Less Is Enough

There’s a reason stories aren’t made up of eighty percent description. It’s because there has to be room for the reader.

Reading is a collaborative exercise, between the writer and the reader. The writer has a shape or picture (or insert preferred visualization here) in her mind. She approximates that shape with words, intending to communicate them to readers. (Does any writer ever think their prose matches their mental story exactly?)

Readers read the words the writer chose, bringing to them their own memories, opinions, and interpretations. What the reader “sees” will never be exactly what the writer “saw” in her head, or even what another reader “sees.”

That’s where the fun begins.

Writers and readers have to treat the different stories they hear as a feature, not a bug. We’re not telepaths who can send our mental shapes into the minds of others (at least I’m not! I don’t know about you). If writers try too hard to force their impressions on readers, it’s like locking their minds in a cage. Isn’t it better to leave some room for the reader’s version?

Related Post: What happens in the reader’s mind.

About Victoria Janssen

Victoria Janssen [she, her] currently writes cozy space opera for Kalikoi. The novella series A Place of Refuge begins with Finding Refuge: Telepathic warrior Talia Avi, genius engineer Miki Boudreaux, and augmented soldier Faigin Balfour fought the fascist Federated Colonies for ten years, following the charismatic dissenter Jon Churchill. Then Jon disappeared, Talia was thought dead, and Miki and Faigin struggled to take Jon’s place and stay alive. When the FC is unexpectedly upended, Talia is reunited with her friends and they are given sanctuary on the enigmatic planet Refuge. The trio of former guerillas strive to recover from lifetimes of trauma, build new lives on a planet with endless horizons, and forge tender new connections with each other.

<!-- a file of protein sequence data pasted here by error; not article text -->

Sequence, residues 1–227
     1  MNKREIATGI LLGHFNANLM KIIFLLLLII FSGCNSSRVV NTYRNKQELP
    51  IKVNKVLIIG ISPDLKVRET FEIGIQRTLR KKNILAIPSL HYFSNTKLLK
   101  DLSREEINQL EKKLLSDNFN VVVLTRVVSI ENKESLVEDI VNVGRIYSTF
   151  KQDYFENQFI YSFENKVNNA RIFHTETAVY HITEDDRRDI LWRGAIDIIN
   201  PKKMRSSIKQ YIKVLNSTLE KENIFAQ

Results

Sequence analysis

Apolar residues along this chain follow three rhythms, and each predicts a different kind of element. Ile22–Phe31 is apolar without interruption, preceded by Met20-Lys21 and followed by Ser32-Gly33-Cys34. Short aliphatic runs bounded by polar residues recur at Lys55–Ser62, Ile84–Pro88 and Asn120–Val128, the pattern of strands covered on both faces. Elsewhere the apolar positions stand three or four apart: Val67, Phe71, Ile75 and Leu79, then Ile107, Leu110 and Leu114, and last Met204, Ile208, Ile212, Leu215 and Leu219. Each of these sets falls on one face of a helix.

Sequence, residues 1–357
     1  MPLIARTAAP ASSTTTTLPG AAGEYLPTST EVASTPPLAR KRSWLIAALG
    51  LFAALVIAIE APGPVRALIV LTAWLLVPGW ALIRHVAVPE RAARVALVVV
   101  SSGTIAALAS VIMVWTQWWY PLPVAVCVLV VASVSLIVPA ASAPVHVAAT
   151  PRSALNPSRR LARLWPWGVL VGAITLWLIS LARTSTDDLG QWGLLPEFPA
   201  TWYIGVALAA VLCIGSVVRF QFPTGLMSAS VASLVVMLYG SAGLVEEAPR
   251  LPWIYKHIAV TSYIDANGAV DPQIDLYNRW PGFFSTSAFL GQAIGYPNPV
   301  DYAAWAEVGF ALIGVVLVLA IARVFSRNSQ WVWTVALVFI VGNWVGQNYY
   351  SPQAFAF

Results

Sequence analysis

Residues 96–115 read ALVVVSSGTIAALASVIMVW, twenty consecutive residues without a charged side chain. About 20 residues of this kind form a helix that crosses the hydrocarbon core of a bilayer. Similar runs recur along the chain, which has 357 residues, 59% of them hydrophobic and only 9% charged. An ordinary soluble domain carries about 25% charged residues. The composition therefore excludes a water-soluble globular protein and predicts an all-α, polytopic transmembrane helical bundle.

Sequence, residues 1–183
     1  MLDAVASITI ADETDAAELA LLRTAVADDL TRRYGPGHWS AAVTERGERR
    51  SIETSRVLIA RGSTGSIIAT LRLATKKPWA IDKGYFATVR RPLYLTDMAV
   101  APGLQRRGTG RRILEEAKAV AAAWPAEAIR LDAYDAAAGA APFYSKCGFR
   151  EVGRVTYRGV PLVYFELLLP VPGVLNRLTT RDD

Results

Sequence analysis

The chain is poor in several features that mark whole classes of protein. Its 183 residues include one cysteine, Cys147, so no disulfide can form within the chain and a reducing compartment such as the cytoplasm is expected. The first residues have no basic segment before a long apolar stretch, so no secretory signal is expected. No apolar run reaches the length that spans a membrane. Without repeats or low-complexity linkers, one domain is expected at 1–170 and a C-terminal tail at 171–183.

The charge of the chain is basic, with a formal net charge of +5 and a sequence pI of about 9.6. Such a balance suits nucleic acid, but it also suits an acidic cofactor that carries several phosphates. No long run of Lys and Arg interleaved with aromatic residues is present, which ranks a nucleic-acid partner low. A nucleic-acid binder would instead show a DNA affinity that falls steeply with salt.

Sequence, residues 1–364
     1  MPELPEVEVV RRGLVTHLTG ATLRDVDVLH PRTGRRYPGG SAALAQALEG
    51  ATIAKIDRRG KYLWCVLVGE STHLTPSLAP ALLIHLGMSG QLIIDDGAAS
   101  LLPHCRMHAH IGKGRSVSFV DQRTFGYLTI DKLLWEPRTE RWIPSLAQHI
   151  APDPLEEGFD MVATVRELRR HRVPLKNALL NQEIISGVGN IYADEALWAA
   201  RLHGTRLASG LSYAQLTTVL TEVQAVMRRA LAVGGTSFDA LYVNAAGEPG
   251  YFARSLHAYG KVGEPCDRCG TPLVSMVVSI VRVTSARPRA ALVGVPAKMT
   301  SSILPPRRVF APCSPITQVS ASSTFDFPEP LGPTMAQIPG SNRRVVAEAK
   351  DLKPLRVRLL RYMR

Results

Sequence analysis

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2 Responses to Less Is Enough

  1. Tumperkin says:

    I'm not sure I agree. I hate when there's no description at all. And there are certain writers who do lots and lots of description that I love e.g. Judith Ivory. I find it difficult to imagine a written description (other than one that references something inflexible – like comparing the character to a real person) that doesn't admit of some readerly discretion. Also, I think romance is in a category of its own in this respect because part of falling in love is the sense of finding delight in the other person's physicality – so Ivory's trick of revisiting certain details of a character's appearance can be intensely satisfying in communicating that delight.

  2. Victoria Janssen says:

    Those are all very good points. I think, though, that even writers who are description-dense leave room for the reader's imagination, as you said. I am thinking of when people play the "casting game," and one person insists George Clooney is perfect for the hero's role, and another feels no one but Johnny Depp will do.

    trick of revisiting certain details of a character's appearance

    Yes, definitely. To me, what's important is that you're only focusing on certain features; the rest is up to the reader's imagination. And now I have to think about your point about romance being different, because that's something that hadn't occurred to me before!

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